Industrial Products

FAQs


FAQ's How should vinegar be labeled in the ingredients statement?
Manufacturers are required to indicate the common or usual name of each type of vinegar used as an ingredient. If a blend of several types of vinegars is used, all types used should be listed with the product names appearing in order of predominance. The Food and Drug Administration has stated that diluted glacial acetic acid is not vinegar. (Compliance Policy Guide 7120.11)

What is the procedure for diluting vinegar with water?
By using the following formula, vinegar can be diluted to any desired grain strength or acidity. However, to ensure accuracy 6f grain strength it is very important that the finished product be tested for acidity using the standard vinegar titration procedure adopted by The Vinegar Institute.

Procedure:
Beginning amount of vinegar (in any unit)
  • (X) Multiplied by beginning vinegar grain strength
  • (U) Divided by desired diluted grain strength
  • (=) Equals total amount of diluted vinegar at desired grain strength
  • (-) Less the beginning amount of vinegar
  • (=) Equals total amount of water to be added.

For example:
To make 50 grain vinegar from 500 gallons of 120 grain vinegar:
500 gals. X120 grain ~ 60,000
50 grain 50 ~ 1,200 gallons of 50 grain vinegar 1,200 gals.-500 gals. ~ 700 gallons of water to be added

So, if you add 700 gallons of water to 500 gallons of 120 grain vinegar, you will yield 1,200 gallons of 50 grain vinegar.

Pounds, inches, or any other unit of measure may be used in place of gallons. After water is added, the mixture should be agitated thoroughly to ensure uniform dilution prior to final acidity testing.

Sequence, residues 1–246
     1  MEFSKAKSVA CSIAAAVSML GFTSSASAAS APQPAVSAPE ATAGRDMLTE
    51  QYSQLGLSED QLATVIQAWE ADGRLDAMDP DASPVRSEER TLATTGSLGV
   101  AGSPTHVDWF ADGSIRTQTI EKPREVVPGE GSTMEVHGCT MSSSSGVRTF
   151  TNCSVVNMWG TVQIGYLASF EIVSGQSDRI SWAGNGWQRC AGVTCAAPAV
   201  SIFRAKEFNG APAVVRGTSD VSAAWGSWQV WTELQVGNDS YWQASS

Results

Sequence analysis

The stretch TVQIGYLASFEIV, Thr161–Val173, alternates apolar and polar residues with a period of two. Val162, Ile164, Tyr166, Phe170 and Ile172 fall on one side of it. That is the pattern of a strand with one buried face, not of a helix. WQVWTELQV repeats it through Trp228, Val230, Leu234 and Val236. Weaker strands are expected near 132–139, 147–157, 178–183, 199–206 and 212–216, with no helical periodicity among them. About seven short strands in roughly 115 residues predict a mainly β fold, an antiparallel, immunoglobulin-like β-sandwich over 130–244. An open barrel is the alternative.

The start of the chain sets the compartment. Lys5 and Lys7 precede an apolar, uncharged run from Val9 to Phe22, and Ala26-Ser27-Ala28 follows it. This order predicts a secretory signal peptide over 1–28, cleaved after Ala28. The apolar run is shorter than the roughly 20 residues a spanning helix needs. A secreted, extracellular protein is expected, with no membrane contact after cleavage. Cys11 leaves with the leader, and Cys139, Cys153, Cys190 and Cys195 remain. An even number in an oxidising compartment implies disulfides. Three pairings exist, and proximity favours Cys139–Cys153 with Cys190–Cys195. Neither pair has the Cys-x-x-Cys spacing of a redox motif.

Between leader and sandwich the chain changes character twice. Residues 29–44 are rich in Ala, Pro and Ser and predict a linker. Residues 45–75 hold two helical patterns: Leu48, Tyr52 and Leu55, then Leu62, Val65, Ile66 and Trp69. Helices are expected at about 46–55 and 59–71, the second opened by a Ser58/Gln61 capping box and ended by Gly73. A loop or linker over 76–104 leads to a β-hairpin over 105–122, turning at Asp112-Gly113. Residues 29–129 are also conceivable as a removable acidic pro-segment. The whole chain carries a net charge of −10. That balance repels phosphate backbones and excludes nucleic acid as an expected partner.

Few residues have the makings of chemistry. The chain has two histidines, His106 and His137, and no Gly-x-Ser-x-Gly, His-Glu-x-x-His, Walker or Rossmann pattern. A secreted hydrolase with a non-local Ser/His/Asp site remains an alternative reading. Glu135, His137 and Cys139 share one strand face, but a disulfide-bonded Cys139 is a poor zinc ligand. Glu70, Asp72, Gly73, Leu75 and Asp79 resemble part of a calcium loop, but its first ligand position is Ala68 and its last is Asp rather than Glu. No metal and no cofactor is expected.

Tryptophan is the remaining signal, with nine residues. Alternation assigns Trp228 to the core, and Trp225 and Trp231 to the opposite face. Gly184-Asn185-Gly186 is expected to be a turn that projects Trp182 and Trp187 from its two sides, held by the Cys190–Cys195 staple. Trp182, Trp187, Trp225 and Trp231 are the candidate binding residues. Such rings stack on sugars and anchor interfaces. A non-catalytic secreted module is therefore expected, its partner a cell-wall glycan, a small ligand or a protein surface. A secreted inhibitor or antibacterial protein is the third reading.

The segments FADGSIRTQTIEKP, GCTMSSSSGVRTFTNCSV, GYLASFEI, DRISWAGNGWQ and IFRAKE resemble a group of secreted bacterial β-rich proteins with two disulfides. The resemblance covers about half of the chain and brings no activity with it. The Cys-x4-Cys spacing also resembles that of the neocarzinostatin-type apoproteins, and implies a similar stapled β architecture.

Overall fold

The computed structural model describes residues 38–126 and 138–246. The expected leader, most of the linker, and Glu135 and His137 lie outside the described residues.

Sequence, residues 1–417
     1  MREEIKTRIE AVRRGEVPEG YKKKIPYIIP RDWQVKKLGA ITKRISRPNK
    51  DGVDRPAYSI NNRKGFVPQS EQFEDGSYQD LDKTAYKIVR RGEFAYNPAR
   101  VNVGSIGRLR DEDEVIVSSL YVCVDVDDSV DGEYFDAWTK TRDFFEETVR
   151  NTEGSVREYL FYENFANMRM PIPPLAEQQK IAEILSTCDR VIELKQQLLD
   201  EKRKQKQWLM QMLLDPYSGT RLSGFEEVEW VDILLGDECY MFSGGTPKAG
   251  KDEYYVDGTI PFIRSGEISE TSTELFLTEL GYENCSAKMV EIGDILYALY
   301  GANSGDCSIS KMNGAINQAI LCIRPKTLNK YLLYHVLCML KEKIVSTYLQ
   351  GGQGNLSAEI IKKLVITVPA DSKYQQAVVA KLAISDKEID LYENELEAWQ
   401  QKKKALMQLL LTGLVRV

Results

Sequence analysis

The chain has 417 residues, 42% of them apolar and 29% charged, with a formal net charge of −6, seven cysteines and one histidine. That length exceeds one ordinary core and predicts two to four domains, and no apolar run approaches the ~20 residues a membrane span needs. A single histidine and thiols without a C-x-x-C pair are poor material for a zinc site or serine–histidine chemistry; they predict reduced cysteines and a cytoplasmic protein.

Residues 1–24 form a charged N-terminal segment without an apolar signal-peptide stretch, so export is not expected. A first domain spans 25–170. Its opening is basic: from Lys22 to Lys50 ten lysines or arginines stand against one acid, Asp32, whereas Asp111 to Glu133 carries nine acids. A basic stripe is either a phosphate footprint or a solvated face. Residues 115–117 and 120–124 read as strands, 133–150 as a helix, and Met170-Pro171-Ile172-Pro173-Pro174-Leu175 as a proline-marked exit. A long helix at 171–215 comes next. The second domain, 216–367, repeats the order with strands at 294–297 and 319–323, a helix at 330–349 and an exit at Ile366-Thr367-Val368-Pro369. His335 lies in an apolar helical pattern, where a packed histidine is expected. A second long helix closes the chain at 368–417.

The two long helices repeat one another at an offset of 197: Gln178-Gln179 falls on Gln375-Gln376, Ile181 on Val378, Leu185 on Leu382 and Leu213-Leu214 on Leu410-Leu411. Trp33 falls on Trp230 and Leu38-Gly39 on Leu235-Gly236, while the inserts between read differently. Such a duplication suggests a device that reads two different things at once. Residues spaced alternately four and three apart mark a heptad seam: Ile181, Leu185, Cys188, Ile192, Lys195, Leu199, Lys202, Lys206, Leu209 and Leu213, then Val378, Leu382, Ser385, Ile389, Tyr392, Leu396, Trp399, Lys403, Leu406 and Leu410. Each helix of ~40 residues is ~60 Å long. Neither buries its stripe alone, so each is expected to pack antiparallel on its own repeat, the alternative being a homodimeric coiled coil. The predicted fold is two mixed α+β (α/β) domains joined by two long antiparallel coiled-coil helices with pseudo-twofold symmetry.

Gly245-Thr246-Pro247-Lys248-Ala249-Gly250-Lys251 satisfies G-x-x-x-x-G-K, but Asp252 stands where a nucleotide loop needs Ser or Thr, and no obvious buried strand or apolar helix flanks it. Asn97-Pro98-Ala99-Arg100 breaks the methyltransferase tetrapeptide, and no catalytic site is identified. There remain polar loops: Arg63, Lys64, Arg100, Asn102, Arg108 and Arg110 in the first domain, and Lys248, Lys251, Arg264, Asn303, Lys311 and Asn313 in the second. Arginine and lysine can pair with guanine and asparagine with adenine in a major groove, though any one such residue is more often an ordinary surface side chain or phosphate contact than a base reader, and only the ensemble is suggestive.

How should I determine the amount of vinegar to use in my product?
Manufacturers should be careful not to confuse "grain strength" and "acidity" with the pH value. The pH of vinegar will normally vary over a range of from 2.3 to 3.4, depending on the type of vinegar. White distilled vinegars generally range from pH 2.3 to 2.6, and cider vinegars range from pH 3.0 to 3.3. Vinegar can be used to lower the pH of the finished product to control the growth of pathogenic bacteria. Remember: Vinegar has been demonstrated to be more toxic against microorganisms than other organic acids at the same level of concentration. The grain strength, or acid content of the vinegar, should be considered in determining the amount of vinegar to be used in the finished product. Vinegar can be diluted with tap water to achieve desired acidity levels.

What are specialty vinegars?
Specialty vinegars make up a category of vinegar products that are formulated or flavored to provide a special or unusual taste when added to foods. Herbal vinegars: Wine or white distilled vinegars are sometimes flavored with the addition of herbs, spices or other seasonings. Popular flavorings are garlic, basil and tarragon - but cinnamon, clove and nutmeg flavored vinegars can be a tasty and aromatic addition to dressings. Fruit vinegars: Fruit or fruit juice can also be infused with wine or white vinegar. Raspberry flavored vinegars, for example, create a sweetened vinegar with a sweet-sour taste. Specialty vinegars are favorites in the gourmet market.